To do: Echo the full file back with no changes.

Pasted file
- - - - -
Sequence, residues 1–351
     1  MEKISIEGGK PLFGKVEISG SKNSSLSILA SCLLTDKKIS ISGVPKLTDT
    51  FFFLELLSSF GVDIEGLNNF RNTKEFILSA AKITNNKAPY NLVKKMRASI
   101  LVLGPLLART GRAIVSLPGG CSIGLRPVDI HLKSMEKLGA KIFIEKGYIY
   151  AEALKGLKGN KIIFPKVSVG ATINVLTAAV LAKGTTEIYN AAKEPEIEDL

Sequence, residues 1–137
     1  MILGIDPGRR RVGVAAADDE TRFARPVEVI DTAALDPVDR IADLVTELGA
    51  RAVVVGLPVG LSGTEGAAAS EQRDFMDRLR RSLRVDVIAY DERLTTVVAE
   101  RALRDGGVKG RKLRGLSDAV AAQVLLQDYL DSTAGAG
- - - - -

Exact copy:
Sequence, residues 1–351
     1  MEKISIEGGK PLFGKVEISG SKNSSLSILA SCLLTDKKIS ISGVPKLTDT
    51  FFFLELLSSF GVDIEGLNNF RNTKEFILSA AKITNNKAPY NLVKKMRASI
   101  LVLGPLLART GRAIVSLPGG CSIGLRPVDI HLKSMEKLGA KIFIEKGYIY
   151  AEALKGLKGN KIIFPKVSVG ATINVLTAAV LAKGTTEIYN AAKEPEIEDL

Sequence, residues 1–137
     1  MILGIDPGRR RVGVAAADDE TRFARPVEVI DTAALDPVDR IADLVTELGA
    51  RAVVVGLPVG LSGTEGAAAS EQRDFMDRLR RSLRVDVIAY DERLTTVVAE
   101  RALRDGGVKG RKLRGLSDAV AAQVLLQDYL DSTAGAG